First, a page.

The new legislation makes it clear that those in receipt of information or documents deemed to benefit foreign powers will face the most severe penalties – up to a maximum of life imprisonment. Although ministers gave assurances under questioning that these measures are not designed to target journalists, such protections are not written into the legislation. The decision to prosecute would ultimately lie with the attorney general of the day.

In the face of such sweeping measures, we are demanding the introduction of a public interest defence to increase protections for those exposing genuine wrongdoing in the sphere of national security.

Fundamental to the concerns of our coalition are the so-called “foreign power conditions” woven throughout the new legislation. Our fear is that the measures are so broadly drawn that journalists and free-speech organisations could be swept up in a future crackdown.

The scope of the National Security Bill as presently drafted is so vast that any organisation receiving foreign funding – including foreign news services – could be caught up by it.

Democracy depends on vibrant and critical journalism. The UK government should resist the desire to sacrifice media freedom on the altar of national security.

This piece first appeared on OpenDemocracy.

International press freedom groups condemn killing of Maltese investigative journalist


Daphne Caruana Galizia

Daphne Caruana Galizia

Sixteen press freedom groups condemn the killing of investigative journalist Daphne Caruana Galizia and demand an immediate and independent investigation into her death.

“The murder of a prominent investigative journalist in broad daylight in an EU Member State underscores the seriousness of this crime. Daphne Caruana Galizia’s work as a journalist to hold power to account and shine a light on corruption is vital to maintaining our democratic institutions. Her killing is a loss for her country and for Europe”, Hannah Machlin, project manager for Index on Censorship’s data platform Mapping Media Freedom, said.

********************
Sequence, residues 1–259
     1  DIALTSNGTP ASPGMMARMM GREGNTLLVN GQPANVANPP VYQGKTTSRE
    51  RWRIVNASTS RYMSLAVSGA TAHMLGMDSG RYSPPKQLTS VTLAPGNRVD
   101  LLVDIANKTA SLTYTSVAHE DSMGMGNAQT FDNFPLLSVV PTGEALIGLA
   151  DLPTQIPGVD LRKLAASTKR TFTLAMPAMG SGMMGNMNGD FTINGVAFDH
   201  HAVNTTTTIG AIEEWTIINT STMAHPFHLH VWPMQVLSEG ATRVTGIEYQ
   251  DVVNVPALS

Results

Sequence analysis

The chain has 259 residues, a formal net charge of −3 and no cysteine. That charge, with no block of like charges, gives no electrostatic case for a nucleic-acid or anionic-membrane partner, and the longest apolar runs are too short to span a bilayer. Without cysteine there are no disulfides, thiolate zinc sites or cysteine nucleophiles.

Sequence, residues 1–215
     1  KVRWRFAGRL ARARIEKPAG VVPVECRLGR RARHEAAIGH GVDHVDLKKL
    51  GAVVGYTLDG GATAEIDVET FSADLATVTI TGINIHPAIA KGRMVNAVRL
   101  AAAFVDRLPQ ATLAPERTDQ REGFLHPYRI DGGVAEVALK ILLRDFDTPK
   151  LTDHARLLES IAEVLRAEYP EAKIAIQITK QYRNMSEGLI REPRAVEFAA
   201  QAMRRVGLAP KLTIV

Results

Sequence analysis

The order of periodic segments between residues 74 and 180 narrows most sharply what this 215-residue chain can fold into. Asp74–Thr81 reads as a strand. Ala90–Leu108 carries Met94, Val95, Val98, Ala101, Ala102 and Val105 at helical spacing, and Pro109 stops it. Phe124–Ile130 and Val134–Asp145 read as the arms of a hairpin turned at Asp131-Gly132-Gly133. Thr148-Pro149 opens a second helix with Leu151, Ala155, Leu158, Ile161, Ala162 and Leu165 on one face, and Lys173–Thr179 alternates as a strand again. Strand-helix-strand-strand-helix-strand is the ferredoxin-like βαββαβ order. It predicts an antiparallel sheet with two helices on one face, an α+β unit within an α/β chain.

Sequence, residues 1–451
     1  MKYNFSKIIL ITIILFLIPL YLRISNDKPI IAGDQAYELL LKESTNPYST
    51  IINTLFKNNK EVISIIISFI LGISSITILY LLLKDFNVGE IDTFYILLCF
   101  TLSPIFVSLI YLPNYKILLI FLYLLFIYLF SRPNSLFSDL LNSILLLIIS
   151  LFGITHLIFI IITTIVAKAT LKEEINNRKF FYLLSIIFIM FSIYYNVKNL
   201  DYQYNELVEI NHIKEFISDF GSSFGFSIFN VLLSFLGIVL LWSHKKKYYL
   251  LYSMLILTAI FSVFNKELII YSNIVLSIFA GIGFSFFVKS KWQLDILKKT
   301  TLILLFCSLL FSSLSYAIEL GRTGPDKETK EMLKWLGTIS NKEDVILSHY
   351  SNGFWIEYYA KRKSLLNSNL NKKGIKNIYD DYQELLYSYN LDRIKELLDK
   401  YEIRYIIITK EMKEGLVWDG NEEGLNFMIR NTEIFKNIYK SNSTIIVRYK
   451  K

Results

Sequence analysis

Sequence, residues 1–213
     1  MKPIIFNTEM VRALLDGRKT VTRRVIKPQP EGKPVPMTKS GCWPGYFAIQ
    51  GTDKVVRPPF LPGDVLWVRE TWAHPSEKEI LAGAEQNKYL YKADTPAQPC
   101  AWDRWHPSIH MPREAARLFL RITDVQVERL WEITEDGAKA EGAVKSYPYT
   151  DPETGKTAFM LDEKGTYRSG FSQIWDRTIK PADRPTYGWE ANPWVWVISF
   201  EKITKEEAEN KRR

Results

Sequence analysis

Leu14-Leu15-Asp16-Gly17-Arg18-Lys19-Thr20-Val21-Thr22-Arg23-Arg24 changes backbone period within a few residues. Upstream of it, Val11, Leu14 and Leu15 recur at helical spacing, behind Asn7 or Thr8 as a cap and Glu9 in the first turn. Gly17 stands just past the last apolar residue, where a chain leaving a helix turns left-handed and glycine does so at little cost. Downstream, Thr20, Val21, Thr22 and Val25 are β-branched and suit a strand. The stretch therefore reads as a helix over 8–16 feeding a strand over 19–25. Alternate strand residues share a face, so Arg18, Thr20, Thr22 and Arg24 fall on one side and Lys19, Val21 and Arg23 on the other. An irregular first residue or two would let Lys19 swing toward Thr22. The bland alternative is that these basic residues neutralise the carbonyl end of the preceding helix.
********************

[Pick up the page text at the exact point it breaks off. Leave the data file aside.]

Daphne Caruana Galizia was killed when the car she was driving exploded in Bidnija around 15.00 on 16 October in what is thought to have been a  targeted attack..

“The barbaric murder of Daphne Caruana Galizia is an attack on journalism itself. This crime is meant to intimidate every investigative journalist,” Dr Lutz Kinkel, Managing Director of the European Centre for Press and Media Freedom, said.

“Because Prime Minister Joseph Muscat and parts of Malta’s political elite were targets of Galizia’s disclosures, we strongly recommend an independent investigation of this case. The killers have to be found and put on trial.”

The blast left her vehicle in several pieces and threw debris into a nearby field. Half an hour before the powerful explosion, the journalist posted a comment about a libel claim the prime minister’s chief of staff had brought against a former opposition leader over comments the latter made about corruption.

Galizia filed a police report 16 days ago saying she was being threatened.